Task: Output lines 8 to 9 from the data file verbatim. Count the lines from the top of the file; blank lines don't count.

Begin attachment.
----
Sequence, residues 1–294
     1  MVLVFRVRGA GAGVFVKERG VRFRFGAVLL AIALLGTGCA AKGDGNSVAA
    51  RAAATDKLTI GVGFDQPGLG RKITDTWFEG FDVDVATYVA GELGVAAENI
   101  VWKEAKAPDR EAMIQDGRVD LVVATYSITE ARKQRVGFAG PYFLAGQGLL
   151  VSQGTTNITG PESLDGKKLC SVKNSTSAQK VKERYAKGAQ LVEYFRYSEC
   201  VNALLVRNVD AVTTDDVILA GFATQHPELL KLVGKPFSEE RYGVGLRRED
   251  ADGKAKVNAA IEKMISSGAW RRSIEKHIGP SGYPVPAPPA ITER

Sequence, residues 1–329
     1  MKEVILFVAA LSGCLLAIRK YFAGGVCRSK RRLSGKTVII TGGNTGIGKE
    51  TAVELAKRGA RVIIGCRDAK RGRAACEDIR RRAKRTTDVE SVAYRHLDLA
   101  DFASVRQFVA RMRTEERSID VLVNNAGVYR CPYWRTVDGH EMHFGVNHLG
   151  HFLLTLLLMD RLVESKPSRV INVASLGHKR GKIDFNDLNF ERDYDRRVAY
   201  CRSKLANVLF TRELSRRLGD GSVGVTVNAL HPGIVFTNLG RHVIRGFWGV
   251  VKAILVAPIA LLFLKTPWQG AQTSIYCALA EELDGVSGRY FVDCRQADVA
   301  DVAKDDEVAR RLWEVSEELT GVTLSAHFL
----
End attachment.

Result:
Sequence, residues 1–329
     1  MKEVILFVAA LSGCLLAIRK YFAGGVCRSK RRLSGKTVII TGGNTGIGKE